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Fernando Muela
Spain
Local time: 06:49
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Summary of answers provided
5 +2See explanation
Fernando Muela
5 +1AssemblyFuad Yahya
5 +1see bellow
Emilia Carneiro
5Etymologically...
María Alejandra Funes
3 +1dogma / school
Rolf Klischewski, M.A.


Discussion entries: 1





  

Answers


6 mins   confidence: Answerer confidence 3/5Answerer confidence 3/5 peer agreement (net): +1
dogma / school


Explanation:
... may be correct alternatives in an IT context. After all, IT is swarming with "evangelists" theses days, who are nothing but product managers.

Rolf Klischewski, M.A.
Local time: 06:49
Native speaker of: Native in GermanGerman
PRO pts in pair: 12

Peer comments on this answer (and responses from the answerer)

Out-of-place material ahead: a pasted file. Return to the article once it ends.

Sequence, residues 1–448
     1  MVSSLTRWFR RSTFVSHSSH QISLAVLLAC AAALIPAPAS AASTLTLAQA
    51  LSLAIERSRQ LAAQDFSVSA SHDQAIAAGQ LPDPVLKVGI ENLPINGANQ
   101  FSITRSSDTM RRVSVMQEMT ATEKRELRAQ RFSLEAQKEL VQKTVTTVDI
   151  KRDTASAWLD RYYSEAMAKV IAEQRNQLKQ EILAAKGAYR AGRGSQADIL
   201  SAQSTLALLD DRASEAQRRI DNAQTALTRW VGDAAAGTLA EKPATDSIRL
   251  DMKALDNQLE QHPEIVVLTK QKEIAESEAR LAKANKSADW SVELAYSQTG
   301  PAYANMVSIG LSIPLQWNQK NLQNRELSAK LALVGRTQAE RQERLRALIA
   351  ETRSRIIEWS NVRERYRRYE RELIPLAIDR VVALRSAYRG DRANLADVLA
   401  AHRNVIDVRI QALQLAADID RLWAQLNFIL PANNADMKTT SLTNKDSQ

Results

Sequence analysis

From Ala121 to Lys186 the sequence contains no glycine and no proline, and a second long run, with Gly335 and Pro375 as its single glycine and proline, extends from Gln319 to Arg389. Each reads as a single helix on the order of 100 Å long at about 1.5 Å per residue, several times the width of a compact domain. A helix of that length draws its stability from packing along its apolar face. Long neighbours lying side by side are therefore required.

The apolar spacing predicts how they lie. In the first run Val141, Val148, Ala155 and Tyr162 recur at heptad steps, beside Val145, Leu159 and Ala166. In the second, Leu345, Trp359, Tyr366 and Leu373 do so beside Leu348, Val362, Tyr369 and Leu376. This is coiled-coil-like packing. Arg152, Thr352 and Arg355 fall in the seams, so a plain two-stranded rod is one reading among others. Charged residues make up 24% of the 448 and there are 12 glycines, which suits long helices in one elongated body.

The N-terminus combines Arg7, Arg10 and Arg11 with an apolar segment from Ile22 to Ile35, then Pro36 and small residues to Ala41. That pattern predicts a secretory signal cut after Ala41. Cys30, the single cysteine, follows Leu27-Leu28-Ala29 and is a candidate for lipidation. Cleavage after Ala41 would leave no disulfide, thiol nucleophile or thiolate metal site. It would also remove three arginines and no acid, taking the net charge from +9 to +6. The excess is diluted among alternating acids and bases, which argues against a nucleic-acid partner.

agree  Paul Svensson
3 hrs
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7 mins   confidence: Answerer confidence 5/5 peer agreement (net): +1
see bellow


Explanation:
[Middle English chirche, from Old English cirice, ultimately from Medieval Greek kurikon, from Late Greek kuriakon (doma), the Lord's (house), from Greek kuriakos, of the lord, from kurios, lord.]

Defenitions:
. A building for public, especially Christian worship.
2. Often Church . a. The company of all Christians regarded as a mystic spiritual body. b. A specified Christian denomination: the Presbyterian Church. c. A congregation.
3. Public divine worship in a church; a religious service: goes to church at Christmas and Easter.
4. The clerical profession; clergy.